Here’s a good general template for beginning writers that outlines some of the key events and activities that are best addressed in each of your three acts.
Act one is about the Set Up. It establishes the way things are when the problem begins. It introduces the problem, establishes the goal and its requirements, as well as the consequences if the goal is not achieved.
Many stories include a journey or quest that leads to the goal. In such stories, the first act concerns discovery of the need for and nature of the quest, the acceptance of the quest, and preparations to embark. Act one then concludes with the final preparations and a restatement of the necessity of the quest by reminding the reader/audience of the potential consequences.
In all stories, by the end of act one, the reader/audience must understand what the story is about, what is to be achieved, and how the effort toward that end is expected to proceed.
Keep in mind that for storytelling purposes you may intend to fool your audience into believing the goal is one thing when it will later turn out to be another.
Also, the plot of many stories includes a “teaser” at the very beginning of the act. The teaser is an emotional “hook” meant to snare reader interest and draw them into the book or movie. Almost every television episode begins with a teaser to keep the audience from changing the channel.
Teasers may or may not have anything to do with the story at large. Sometimes they are simply exciting emotional or action-oriented extravaganzas which are nothing more than entertainment, and add nothing to the structure of the real story about to begin.
In any event, by the end of the first act, your reader/audience must feel it understands what the story is about and the direction it appears to be taking.
This is the Act of Development. The second act develops plot points that you set up in your first act, adding richness and detail to your story.
If there’s a journey in your story, act two is about the beginning and progress of that quest. As progress is made, the obstacles to progress become more substantial. Every step taken towards that goal increases in difficulty.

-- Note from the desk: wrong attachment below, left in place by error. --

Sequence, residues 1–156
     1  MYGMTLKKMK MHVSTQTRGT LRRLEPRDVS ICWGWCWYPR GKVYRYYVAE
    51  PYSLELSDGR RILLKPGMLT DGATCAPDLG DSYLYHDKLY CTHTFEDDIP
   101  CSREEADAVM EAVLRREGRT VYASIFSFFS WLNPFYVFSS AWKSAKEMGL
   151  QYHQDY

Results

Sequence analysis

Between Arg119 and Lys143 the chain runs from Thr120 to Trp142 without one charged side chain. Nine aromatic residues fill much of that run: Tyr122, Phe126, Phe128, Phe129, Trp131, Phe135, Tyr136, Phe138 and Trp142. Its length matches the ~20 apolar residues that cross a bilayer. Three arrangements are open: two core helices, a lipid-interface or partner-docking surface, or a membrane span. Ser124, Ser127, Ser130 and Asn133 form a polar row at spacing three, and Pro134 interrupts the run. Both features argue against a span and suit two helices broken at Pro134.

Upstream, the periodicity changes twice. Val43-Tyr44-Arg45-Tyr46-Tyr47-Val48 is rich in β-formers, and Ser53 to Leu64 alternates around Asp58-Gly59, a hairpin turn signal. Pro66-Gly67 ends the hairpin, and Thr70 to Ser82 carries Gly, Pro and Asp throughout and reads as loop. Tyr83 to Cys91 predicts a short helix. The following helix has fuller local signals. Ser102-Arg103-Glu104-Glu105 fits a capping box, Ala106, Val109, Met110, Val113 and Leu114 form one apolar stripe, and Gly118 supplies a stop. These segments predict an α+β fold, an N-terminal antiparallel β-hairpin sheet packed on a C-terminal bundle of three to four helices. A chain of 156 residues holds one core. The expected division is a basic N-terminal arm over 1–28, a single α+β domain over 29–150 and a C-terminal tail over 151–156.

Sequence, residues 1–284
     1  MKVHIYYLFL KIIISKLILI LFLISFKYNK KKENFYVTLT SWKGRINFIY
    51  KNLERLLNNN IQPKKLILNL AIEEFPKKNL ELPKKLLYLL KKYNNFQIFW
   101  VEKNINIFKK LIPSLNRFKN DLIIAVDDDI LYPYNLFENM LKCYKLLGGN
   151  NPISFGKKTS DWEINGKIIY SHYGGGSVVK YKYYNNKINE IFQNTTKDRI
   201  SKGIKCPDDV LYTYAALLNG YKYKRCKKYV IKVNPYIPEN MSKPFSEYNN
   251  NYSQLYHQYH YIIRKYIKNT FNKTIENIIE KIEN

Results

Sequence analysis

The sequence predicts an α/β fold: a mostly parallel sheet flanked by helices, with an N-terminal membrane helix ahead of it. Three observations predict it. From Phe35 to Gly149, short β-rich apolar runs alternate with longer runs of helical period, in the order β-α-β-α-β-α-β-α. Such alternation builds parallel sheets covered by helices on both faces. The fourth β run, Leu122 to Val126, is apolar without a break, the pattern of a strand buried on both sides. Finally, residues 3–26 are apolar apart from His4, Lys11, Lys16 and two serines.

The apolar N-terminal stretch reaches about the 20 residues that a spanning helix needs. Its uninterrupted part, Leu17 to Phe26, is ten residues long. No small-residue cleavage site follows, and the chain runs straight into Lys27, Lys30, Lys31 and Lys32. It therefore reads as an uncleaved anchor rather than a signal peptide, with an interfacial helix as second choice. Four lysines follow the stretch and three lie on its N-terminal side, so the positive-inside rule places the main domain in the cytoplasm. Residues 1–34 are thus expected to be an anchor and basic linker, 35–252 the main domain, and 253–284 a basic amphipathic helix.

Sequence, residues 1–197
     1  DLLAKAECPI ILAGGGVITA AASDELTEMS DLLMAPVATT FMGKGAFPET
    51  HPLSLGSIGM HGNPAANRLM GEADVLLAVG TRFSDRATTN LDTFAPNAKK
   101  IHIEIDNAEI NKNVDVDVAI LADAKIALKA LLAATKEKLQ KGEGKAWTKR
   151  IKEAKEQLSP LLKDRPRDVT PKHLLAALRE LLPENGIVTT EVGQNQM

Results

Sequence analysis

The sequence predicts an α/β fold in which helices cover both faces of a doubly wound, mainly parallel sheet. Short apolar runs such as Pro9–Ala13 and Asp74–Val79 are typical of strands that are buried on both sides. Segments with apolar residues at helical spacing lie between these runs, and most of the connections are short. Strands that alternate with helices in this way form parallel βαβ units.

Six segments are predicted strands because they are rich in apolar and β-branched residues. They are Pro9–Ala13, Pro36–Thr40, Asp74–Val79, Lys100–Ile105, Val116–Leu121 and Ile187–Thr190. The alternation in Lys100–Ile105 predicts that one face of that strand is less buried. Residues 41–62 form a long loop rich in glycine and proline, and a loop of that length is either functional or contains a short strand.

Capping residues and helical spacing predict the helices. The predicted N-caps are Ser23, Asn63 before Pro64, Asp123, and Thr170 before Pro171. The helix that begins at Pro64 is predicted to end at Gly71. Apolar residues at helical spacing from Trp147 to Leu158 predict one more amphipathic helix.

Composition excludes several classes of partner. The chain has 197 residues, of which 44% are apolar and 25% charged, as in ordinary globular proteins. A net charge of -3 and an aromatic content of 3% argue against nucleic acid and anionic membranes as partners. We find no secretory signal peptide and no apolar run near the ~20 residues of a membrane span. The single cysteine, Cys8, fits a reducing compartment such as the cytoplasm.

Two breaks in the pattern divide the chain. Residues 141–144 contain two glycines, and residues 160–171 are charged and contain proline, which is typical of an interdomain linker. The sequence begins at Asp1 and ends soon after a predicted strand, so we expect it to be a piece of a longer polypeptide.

Somewhere in Act Two there is a major plot twist, either physically or due to information uncovered, that throws the whole story into left field. In some stories this twist happens in the middle of the act. The second half of the act is spent trying to recover from the set back and begin anew. In other stories, this twist occurs at the end of the second act, driving the quest in a whole new direction with the beginning of act three.
This is the Act of the Climax. The whole of the third act is leading up to that point, creating tension and suspense. This is what your entire story has been leading up to. You want your third act to be more fast-paced than the rest of your story, and a lot more suspenseful.
The most compelling stories build the forces for and against the goal so that each becomes stronger and stronger. At the point of climax each is so powerful that something has to give – the tension is just too great. And yet, since they are balanced, the outcome is still uncertain.
The progression of the third act of plot is often heavily influenced by genre. For example, a compelling mystery might be designed to spread suspicion even wider than before, rather than narrowing in on just a few characters. Therefore, the sense of building tension may spring from increasing confusion, rather than understanding.
In all cases, act three must draw all dynamic forces to a head and eventually tie up all loose ends.
Certainly there are a lot of other structural and storytelling tasks readers or audience are used to encountering in each act, such as character introductions and growth, exploration of your theme, and employment of dramatic elements specific to your genre.
Still, using this template as a foundational guide can help provide a framework for additional development and insure that the spine of your dramatics is sound.
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